All images on this website have been taken in Leicestershire and Rutland by NatureSpot members. We welcome new contributions - just register and use the Submit Records form to post your photos. Click on any image below to visit the species page. The RED / AMBER / GREEN dots indicate how easy it is to identify the species - see our Identification Difficulty page for more information. A coloured rating followed by an exclamation mark denotes that different ID difficulties apply to either males and females or to the larvae - see the species page for more detail.
'Worms' has no specific scientific meaning, but in common speech it covers the groups of animals that have no legs. This includes species in several unrelated Phyla or major divisions of animal life. Classification is complicated, and frequently revised or updated, and identification to species-level is usually very difficult.
Annelids or segmented worms - as the name suggests, these species have their body divided into segments. Many are hermaphrodite, with both male and female sex organs. It includes earthworms, blackworms, leechesand the marine ragworms.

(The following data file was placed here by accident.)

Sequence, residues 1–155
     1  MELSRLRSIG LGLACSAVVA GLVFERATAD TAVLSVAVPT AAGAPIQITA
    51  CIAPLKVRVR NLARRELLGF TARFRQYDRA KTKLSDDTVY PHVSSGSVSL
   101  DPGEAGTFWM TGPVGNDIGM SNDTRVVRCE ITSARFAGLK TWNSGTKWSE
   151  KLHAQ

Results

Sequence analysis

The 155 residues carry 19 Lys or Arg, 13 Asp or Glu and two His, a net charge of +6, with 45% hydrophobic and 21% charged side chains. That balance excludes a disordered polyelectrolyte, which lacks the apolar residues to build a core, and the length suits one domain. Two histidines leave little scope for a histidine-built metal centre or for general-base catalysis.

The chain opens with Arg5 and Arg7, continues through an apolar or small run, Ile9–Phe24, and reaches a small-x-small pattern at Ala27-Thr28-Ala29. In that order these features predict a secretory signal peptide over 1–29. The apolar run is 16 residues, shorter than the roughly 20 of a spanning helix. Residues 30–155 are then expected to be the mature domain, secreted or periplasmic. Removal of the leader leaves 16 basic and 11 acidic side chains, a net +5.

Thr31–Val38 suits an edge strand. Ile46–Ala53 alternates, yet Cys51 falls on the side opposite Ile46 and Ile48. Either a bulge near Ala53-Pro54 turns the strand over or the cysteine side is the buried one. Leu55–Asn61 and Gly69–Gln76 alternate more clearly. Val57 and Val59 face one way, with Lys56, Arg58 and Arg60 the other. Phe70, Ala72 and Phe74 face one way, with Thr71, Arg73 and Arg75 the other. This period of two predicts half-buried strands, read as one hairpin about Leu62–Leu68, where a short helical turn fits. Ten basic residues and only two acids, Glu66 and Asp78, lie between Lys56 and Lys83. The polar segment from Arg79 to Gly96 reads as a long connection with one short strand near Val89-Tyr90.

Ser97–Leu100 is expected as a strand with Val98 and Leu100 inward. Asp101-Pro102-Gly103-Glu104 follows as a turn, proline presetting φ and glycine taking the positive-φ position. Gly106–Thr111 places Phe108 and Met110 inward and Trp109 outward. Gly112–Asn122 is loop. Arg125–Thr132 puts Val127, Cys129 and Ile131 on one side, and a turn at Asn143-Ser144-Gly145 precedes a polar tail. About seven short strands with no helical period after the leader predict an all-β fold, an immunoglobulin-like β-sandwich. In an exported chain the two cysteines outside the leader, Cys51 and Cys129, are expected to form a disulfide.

Nematodes have adapted to nearly every ecosystem in the planet and are abundant, but despite this are rarely recorded. Their bodies are not segmented. The Phylum includes internal parasites of vertebrates ('roundworms') and invertebrates, animal pathogens, plant gall-causers and plant pathogens ('eelworms'), but also many species that live in soil, the sea and fresh waters. They are found from the poles to the tropics, and from mountain-tops to the deep ocean floor.
Platyhelminthes or flatworms are simple organisms that lack specialised circulatory or respiratory systems. Unlike other 'worms' their digestive system has only one opening. Oxygen and nutrients pass into their flattened bodies by diffusion. The Phylum include many parasites of vertebrates, such as tapeworms and flukes, but also free-living flatworms that are found in the soil, leaf litter and water.
Flatworms are Platyhelminths, and are free-living in water or shaded humid terrestrial environments.
Terminology is confusing. They are usually classified as 'Turbellaria' to separate them from the parasitic species, but this is now considered incorrect following DNA studies; however the term is still used in many publications. The larger freshwater flatworms are also referred to as 'triclads' or 'planarians', in the order Tricladida - which have a triple-branched intestine.